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TV Roles in 2014: A Minority Opinion
December 31, 2014  | By Gerald Jordan
 

Alfre Woodard was not yet a star when she played the scruffy, unlearned Geechee opposite Mary Steenburgen in the 1983 movie Cross Creek (photo below, right), but there was not then, and certainly not now, any question of her talent and her capacity to present to audiences a range of characters and portrayals.

That makes her role in NBC’s State of Affairs no surprise, but she might have guffawed 30 years ago if she had been asked whether the part of president of the United States would go to an African-American woman in a network prime time program.

Leading roles for minority actors remain scarce, but this TV season brought some major achievements for network programming and the advertisers who support them.

Why advertisers? Corporate executives worried so much about whether white customers would reject products if they were too closely associated with minorities, African Americans in particular. One can only hope that those dreadful days are gone forever. Advertising, in fact, might be in stride with programming moves, notably using a rainbow of families to sell products and services in commercials – even occasional presentations of bi-racial families.

That took some fortitude after such a kerfuffle over the Cheerios commercial that featured a darling biracial child asking her white mother about the heart-healthy benefits of the cereal before pouring a box on her black dad’s heart as he napped on the couch.

Something as incidental as that commercial touched off a social-media, hate-filled storm over whether Cheerios sought to coerce America to accept the diversity that the 2010 Census reported already existed. Biracial children are among the fastest growing demographic. So that commercial, and others like it, actually followed Census data.

Several products have shown interracial families making decisions on such weighty matters as dining out, cleaning supplies and motor-vehicle purchases. It’s the world that is seen in abundance in metropolitan areas and in increasing numbers in rural America. Stroll the aisles at Wal-Mart sometime, and do some serious people watching.

Assign a good deal of that increasing tolerance to the millennial generation. The 18-to-33-year-olds have a compelling reason: In 1960 America was 85 percent white. It will be 43 percent white by 2060, according to the Pew Research Center.

And an essentially black-and-white America has been supplanted by an America shown in the high-definition beauty of the more than 40 million immigrants ­– nearly half of them Latino, and nearly 30 percent, Asian – who have come here since 1965, also according to Pew.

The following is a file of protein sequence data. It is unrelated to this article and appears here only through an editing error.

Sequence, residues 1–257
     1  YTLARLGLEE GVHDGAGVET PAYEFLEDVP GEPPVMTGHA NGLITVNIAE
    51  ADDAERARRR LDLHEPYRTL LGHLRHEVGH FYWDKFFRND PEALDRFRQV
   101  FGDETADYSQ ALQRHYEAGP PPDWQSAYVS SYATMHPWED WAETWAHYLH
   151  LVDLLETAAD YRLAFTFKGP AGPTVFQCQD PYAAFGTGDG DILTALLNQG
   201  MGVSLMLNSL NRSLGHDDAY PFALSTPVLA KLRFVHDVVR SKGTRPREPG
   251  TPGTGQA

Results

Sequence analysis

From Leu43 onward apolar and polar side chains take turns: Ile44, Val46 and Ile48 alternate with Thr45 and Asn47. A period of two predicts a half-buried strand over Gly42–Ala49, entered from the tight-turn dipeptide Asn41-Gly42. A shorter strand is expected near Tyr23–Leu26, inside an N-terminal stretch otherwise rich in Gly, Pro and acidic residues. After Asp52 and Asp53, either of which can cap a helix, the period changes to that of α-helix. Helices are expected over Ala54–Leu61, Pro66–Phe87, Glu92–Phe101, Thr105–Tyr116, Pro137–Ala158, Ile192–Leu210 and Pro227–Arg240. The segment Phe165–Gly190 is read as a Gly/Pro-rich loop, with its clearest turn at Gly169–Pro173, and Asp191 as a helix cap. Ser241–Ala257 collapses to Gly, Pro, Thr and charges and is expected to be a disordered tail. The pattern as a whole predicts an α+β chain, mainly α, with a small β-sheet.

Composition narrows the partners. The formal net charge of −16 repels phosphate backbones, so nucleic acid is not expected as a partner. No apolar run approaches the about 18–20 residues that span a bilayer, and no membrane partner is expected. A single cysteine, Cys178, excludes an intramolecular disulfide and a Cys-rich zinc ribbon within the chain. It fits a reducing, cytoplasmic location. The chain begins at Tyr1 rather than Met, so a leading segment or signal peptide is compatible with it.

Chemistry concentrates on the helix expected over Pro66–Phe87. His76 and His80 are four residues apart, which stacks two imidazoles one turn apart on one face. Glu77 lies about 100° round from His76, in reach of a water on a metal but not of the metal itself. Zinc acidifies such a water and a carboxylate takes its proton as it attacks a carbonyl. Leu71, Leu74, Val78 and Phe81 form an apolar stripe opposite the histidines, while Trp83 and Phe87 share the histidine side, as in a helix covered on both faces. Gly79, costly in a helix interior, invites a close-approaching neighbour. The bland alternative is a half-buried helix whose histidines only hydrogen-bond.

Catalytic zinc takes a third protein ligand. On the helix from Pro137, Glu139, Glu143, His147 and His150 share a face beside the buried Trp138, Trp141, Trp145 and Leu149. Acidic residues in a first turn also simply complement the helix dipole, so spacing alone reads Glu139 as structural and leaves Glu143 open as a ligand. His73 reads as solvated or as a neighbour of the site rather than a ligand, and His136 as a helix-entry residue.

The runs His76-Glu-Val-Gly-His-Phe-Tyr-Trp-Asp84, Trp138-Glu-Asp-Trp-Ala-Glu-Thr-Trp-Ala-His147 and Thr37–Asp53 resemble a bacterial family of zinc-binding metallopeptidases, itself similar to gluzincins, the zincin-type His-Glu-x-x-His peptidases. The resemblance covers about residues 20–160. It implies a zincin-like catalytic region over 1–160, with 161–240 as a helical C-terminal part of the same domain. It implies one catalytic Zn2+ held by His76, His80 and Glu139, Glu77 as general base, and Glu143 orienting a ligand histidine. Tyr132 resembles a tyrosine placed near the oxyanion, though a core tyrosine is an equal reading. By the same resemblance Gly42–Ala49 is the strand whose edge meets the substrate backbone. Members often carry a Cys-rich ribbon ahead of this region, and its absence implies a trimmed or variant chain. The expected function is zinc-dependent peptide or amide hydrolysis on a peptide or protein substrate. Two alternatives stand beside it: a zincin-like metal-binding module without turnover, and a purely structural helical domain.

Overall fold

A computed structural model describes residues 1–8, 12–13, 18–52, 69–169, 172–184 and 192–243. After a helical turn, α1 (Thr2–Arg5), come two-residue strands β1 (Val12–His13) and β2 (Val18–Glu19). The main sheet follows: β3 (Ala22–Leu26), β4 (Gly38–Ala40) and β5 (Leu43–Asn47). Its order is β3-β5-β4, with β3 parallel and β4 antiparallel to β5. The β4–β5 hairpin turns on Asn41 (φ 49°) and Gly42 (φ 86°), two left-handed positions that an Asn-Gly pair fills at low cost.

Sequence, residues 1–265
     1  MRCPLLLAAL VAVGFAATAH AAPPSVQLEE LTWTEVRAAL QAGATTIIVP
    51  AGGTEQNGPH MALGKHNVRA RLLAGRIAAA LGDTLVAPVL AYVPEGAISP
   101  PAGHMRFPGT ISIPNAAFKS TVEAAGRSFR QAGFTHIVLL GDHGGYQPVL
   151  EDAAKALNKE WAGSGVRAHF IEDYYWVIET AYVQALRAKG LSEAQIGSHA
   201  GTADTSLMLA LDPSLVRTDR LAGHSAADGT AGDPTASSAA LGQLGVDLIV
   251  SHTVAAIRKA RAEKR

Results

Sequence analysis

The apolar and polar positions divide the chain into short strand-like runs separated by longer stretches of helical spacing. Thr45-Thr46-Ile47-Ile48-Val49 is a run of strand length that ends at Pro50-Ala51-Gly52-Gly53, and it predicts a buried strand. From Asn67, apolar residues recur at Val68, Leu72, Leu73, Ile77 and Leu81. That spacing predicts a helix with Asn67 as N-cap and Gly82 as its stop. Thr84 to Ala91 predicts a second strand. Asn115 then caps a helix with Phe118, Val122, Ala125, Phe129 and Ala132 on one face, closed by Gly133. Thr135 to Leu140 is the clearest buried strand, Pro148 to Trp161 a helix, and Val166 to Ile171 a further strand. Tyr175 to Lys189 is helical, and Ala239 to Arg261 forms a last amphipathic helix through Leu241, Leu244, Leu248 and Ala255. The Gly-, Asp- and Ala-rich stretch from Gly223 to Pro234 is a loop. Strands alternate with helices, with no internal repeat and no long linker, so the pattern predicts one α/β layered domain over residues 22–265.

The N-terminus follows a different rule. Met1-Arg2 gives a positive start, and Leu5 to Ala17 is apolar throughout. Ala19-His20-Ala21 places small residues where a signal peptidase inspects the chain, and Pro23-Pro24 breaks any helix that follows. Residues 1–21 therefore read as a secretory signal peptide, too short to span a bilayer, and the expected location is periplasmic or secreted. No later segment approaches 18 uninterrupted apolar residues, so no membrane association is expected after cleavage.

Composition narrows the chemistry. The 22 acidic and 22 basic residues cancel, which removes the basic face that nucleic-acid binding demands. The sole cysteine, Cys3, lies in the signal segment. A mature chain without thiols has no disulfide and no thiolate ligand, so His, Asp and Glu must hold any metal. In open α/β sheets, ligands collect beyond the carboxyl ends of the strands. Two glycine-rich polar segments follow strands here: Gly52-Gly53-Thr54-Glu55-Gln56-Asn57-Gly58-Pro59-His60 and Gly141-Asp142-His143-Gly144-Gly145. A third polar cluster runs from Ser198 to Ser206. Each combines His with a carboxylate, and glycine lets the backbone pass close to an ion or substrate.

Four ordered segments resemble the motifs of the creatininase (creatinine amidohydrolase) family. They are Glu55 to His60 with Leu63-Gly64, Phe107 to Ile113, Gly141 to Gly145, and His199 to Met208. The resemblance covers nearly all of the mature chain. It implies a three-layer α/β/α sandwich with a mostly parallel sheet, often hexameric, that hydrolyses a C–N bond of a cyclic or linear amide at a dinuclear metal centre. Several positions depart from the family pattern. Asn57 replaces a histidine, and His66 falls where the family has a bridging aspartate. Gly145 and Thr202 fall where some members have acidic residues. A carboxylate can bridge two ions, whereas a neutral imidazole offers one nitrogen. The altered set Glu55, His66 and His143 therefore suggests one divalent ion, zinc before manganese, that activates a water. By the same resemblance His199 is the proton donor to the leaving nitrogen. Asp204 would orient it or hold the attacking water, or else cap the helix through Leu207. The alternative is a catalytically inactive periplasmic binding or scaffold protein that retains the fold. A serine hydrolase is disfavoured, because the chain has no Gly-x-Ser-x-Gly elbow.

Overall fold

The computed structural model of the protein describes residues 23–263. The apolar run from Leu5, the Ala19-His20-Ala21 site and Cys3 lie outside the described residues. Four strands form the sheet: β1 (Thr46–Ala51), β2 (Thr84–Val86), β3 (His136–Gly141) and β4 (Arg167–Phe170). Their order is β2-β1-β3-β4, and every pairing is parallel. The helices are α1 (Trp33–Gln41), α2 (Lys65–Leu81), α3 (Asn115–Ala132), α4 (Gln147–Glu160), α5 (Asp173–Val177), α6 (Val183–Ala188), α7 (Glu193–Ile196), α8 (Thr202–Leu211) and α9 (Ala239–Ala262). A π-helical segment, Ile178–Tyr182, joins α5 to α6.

For the sheer enjoyment of watching TV, the arrival of millennials to adulthood has built a welcoming audience for Jane the Virgin, a still to be determined audience for The Mindy Project, and advertising sales for just about everything that Shonda Rhimes touches – Grey’s Anatomy, Scandal, How to Get Away With Murder.

State of Affairs fits quite nicely into that prime time soap dish. Katherine Heigl portrays CIA official Charleston Tucker, who is responsible for briefing President Constance Payton (Woodard). The soapy part? Charlie Tucker was engaged to the president’s son, who was killed in a terrorist attack.

True to its imitative flattery, to borrow from Fred Allen, ABC – buoyed by the early success of black-ish (at right) – is scheduled to roll out a sitcom, Fresh Off the Boat, about an Asian family that aspires to assimilate into American culture. Asian Americans probably will approach this sitcom with the same apprehension that African Americans greeted black-ish, which actually is pretty funny without being all-out insulting.

Sitcom formats and revered norms in TV comedy pretty well guarantee the kinds of shortcuts and cultural abbreviations that will prompt some to laugh, where others – notably those who truly know the culture presented – will groan in offense.

The gifted writers (read that as: the ones who work in diverse surroundings and get reality checks without having to leave the writers’ room) are able to find the laughter sweet spot.

Cristela offers belly laughs or uncomfortable cringes for sitcom audiences to peer into Latino culture, even though George Lopez, with his self-deprecating brand of humor, broke the eggs for that omelet years ago.

Hit the pause button.

Are any of these programs accurate examinations of life in America for racial minorities? Remember that you hit the pause button; it’s television. TV actors are not the community leaders, the hard workers, the thinkers, the professionals and others who build real American families. TV roles are written to entertain those who do the real work in America.

It’s gratifying, nevertheless, to see that prime time in 2014 shows an America that has minorities in leading roles, in supporting roles, in casual roles, in incidental roles. Remember, though, it’s still television. Better by far than the days of black-and-white TV, when minorities, for the most part, didn’t exist, except servants.

In a way, the increased inclusion of minorities in prime time TV is a gift from the growing tolerance of millennials. Their viewing habits are by no means as fixed as their parents – and certainly not their grandparents – but their antennae for a clearer picture of America are the sharpest of any generation yet.

That could prompt a rerun of a baby boomer’s childhood – and the demise of a New Year’s resolution – meaning watching more TV. It’s a good idea to have ratings survey answers at the ready...

 
 
 
 
 
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